MonULR-36(3)-1.pdf (223.54 kB)
A Right to Birth Registration in the Victorian Charter? Seek and You Shall Not Find!
journal contributionposted on 2019-10-29, 08:52 authored by Andy Gargett;Paula Gerber;Melissa Castan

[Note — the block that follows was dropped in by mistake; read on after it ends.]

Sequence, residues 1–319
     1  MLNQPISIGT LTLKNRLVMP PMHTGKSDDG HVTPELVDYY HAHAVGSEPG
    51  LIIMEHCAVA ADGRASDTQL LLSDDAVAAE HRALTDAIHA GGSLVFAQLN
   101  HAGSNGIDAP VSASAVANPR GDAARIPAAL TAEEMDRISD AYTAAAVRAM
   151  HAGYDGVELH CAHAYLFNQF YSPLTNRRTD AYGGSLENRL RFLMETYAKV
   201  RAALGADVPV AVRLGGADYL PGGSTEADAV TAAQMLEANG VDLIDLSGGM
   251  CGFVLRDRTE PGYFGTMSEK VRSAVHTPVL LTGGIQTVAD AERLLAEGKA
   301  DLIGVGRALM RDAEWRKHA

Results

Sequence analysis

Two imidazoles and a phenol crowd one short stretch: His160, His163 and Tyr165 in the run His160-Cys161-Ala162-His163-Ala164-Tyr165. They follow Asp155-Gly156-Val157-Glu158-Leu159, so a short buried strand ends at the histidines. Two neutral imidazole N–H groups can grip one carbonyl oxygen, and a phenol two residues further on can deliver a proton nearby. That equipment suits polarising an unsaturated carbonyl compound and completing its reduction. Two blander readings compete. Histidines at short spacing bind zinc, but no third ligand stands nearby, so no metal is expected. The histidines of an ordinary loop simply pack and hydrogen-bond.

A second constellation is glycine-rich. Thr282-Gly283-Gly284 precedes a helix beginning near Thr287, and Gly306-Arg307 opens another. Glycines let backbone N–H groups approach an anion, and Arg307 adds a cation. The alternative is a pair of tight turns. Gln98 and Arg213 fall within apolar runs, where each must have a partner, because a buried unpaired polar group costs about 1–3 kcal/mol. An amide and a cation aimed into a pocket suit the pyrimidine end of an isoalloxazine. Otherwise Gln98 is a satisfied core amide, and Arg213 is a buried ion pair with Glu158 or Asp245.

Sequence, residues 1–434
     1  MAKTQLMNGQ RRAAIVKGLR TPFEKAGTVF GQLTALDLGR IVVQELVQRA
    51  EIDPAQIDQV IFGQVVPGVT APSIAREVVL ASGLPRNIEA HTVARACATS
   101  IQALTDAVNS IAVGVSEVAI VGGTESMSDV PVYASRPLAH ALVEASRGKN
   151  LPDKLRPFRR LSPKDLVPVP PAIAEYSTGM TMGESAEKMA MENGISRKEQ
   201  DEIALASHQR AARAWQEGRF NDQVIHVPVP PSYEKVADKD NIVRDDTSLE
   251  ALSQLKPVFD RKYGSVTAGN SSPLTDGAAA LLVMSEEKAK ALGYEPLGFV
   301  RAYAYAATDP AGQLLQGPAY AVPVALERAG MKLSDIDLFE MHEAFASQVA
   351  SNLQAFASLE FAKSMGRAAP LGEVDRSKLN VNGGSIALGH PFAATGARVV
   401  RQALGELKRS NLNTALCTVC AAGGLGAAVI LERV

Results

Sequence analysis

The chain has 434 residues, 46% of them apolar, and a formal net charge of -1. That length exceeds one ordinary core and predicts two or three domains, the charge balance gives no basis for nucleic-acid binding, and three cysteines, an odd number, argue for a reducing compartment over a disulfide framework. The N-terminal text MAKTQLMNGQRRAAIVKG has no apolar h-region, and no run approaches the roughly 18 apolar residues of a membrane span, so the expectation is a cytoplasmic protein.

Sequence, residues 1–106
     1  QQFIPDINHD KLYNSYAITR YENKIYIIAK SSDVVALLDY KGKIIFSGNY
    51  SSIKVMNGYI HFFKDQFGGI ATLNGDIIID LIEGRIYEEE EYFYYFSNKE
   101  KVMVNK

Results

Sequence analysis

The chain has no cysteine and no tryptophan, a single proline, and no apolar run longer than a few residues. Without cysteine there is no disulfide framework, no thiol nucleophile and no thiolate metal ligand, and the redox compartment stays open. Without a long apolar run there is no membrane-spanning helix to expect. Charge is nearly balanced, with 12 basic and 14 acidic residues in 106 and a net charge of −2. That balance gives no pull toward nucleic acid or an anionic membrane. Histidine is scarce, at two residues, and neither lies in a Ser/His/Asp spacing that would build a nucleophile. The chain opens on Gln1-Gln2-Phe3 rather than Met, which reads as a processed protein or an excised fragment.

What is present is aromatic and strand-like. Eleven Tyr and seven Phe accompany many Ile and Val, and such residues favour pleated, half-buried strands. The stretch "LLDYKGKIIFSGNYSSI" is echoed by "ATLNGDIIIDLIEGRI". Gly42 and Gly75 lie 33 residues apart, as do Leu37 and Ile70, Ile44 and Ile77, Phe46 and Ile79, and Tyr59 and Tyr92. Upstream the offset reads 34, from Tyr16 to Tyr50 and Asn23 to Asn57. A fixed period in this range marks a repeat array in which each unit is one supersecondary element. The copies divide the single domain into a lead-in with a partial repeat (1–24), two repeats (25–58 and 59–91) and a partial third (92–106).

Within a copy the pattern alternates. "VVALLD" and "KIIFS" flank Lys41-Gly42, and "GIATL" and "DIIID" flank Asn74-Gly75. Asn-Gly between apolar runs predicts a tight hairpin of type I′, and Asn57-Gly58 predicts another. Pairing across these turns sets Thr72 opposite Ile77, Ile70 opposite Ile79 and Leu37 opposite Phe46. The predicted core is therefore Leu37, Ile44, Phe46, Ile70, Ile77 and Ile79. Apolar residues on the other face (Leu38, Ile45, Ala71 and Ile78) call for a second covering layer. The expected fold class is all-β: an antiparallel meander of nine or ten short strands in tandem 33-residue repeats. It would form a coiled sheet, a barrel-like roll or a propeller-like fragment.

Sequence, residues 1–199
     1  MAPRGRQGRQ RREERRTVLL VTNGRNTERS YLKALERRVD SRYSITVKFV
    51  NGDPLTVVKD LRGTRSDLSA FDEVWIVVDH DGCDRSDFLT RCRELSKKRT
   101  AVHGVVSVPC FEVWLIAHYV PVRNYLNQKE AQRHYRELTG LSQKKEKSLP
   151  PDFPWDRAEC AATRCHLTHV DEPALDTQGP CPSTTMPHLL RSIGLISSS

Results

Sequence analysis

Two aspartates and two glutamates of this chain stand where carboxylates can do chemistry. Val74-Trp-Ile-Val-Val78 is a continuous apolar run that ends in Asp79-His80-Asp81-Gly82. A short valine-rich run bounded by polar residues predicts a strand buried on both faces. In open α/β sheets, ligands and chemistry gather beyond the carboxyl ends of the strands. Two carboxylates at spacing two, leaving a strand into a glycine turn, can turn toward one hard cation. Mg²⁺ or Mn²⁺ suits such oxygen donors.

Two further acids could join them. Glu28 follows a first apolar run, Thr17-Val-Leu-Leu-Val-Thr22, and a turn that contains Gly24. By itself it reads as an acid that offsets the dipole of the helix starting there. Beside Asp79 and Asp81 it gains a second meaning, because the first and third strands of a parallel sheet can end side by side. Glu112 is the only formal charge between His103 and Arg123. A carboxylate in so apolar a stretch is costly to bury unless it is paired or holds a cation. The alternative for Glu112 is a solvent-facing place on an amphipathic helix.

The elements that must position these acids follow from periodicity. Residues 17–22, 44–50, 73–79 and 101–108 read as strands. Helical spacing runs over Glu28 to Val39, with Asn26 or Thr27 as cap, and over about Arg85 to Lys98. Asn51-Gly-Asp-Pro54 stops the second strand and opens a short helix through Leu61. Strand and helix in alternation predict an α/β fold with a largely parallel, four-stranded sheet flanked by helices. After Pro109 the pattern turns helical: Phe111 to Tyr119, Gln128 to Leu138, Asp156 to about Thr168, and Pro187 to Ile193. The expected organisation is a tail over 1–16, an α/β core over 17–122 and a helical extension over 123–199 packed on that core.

Many people have placed Victoria on a pedestal because it was the ﬁrst (and still only) state in Australia to have enacted human rights legislation. The Charter of Human Rights and Responsibilities Act 2006 (Vic) replicates many of the rights protected in the International Covenant on Civil and Political Rights, but notably fails to include art 24(2) which recognises the right to birth registration. This omission is likely to have a disproportionately negative impact on Indigenous Victorians, who, it has recently been discovered, are experiencing difﬁculties in their dealings with the Registrar of Births, Deaths and Marriages. Many Indigenous people are being denied basic rights of citizenship such as obtaining a driver’s licence or passport because they are unable to produce a copy of their birth certiﬁcate; the universally accepted proof of identity document. This article explores the problems faced by Indigenous Victorians in relation to birth registration and birth certiﬁcates, and analyses the extent to which the Charter of Human Rights and Responsibilities Act 2006 (Vic) can provide redress, notwithstanding the absence of a speciﬁc provision regarding the right to birth registration.